As an admin for Charcoal, the team who develops Smoke Detector as a volunteer effort, I'll pipe in to mention that we can always use more volunteers. This spam wave is not confined to Server Fault, though yesterday's deluge by and large was. A simple way to help is to join the Charcoal HQ chat room and flag the spam as it's being reported there, in near real time based on a battery of regular expressions and other detection techniques.
If you can analyze the archived spam and help develop better detection rules, that's obviously a very valuable sort of contribution. Authorized users are also encouraged to
!!/blacklist-number any new phone numbers we don't currently detect, though you need to be an enrolled team member with some amount of participation in the project before you can be granted these privileges. Perhaps see also our guidance at https://charcoal-se.org/ if you are interested in taking part.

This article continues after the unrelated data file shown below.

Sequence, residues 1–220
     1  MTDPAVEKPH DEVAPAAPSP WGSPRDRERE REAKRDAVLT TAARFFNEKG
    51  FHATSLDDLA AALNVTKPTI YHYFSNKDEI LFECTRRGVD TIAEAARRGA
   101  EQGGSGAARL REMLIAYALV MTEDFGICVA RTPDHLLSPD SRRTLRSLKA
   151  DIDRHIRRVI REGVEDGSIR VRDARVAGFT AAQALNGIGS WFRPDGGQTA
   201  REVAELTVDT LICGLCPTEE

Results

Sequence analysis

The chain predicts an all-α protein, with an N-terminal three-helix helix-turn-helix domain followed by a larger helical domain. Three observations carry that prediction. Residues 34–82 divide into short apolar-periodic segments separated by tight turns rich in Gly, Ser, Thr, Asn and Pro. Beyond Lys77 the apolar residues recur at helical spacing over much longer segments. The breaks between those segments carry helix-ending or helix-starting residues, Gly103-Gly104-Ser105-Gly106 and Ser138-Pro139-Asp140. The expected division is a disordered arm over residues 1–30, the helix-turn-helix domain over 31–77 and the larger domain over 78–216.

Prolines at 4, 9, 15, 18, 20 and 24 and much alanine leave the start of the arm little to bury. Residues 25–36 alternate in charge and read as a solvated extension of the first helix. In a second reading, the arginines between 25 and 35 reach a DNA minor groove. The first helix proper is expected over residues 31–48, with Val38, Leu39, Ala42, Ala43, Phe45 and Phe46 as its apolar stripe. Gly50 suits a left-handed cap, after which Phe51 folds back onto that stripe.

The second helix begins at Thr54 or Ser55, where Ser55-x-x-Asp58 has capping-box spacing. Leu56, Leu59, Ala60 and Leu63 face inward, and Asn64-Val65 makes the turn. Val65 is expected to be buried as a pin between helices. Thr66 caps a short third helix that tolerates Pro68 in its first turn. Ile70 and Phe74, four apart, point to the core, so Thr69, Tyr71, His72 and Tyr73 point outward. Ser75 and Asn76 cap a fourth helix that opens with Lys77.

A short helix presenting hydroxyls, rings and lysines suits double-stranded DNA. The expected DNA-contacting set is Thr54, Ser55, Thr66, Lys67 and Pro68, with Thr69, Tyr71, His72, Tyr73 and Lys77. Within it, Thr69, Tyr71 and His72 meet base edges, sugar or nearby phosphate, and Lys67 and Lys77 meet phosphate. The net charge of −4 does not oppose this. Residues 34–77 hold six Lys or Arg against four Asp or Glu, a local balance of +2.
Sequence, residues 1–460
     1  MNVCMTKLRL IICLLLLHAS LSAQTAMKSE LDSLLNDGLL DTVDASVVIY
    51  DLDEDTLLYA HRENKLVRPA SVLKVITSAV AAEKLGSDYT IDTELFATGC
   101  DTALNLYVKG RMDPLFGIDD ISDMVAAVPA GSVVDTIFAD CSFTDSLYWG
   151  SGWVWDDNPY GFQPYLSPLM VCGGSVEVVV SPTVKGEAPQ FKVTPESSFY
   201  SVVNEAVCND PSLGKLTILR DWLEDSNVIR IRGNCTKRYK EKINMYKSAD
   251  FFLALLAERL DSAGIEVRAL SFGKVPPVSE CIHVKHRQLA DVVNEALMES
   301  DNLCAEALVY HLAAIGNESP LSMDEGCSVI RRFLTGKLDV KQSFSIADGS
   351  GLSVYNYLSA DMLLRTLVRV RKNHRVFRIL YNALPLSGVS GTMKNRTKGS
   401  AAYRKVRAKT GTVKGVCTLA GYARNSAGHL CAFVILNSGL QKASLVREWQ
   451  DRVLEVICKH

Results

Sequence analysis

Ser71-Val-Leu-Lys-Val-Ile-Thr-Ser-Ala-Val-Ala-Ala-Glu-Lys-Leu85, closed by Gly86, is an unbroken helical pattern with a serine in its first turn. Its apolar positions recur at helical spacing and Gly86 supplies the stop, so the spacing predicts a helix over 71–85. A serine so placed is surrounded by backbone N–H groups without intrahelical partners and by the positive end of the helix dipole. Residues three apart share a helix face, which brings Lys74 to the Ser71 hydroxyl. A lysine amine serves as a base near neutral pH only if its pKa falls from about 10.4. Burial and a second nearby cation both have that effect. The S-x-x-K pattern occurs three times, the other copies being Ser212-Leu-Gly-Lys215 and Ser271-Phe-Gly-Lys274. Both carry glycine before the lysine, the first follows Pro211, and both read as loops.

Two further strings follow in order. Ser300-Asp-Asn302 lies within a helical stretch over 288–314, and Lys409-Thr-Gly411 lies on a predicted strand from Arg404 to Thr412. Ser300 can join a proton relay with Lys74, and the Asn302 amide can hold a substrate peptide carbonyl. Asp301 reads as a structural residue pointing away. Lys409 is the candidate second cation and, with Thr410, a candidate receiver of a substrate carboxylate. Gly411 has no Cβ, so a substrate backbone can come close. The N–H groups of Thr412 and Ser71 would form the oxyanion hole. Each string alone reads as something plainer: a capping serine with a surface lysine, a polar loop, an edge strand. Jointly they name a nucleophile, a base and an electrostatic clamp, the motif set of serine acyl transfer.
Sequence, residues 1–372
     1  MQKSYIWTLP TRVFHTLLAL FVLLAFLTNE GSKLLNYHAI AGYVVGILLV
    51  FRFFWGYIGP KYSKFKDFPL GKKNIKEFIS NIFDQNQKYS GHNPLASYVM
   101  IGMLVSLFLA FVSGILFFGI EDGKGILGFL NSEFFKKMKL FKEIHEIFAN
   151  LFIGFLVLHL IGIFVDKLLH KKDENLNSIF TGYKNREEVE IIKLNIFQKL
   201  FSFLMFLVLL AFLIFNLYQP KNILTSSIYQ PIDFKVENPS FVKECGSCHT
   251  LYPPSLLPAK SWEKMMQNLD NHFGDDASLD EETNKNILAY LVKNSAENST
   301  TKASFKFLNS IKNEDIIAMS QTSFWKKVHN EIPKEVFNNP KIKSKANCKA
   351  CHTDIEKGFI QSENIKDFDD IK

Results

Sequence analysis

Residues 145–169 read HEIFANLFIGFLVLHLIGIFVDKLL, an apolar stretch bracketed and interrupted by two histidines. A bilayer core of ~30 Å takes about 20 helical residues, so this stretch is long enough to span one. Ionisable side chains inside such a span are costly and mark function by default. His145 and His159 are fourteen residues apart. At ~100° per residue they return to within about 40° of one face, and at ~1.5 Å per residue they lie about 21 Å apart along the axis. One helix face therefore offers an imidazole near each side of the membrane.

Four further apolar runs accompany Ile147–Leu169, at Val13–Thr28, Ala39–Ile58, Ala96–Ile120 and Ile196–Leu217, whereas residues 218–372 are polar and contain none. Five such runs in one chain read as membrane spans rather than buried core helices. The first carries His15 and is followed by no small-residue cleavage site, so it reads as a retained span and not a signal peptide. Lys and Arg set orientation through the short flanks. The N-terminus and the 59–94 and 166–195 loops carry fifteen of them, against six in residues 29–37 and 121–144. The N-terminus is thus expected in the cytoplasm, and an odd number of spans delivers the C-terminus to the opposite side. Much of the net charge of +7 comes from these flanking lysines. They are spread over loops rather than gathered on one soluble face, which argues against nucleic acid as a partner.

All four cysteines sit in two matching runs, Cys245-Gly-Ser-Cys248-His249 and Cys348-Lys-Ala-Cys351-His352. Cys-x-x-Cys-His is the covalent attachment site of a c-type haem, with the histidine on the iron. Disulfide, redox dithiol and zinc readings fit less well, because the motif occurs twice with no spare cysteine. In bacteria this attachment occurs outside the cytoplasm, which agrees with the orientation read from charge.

(Our general guidance calls for several confirmed spam reports before we blacklist anything, but this particular campaign is far above and beyond anything we have seen before, and so we have relaxed the blacklisting criteria for this particular phone support spam campaign.)
I'm also wondering what could possibly motivate this severely disruptive behavior, and whether anything is being done legally to seek restitution for this serious DoS attack. Perhaps somebody from Stack Exchange could fill us in on whether they are seeking legal remedies and what sort of evidence or coordination would be useful for that. We archive the spam in metasmoke as soon as it's reported, so we may have information which could be useful for any fact finding. (However, we don't have access e.g. to IP addresses; we simply use the features of the existing Stack Exchange API.)
For fun, here's a screen shot of the chart on metasmoke's home page just now. You can clearly see that yesterday's spam levels were quite extraordinary.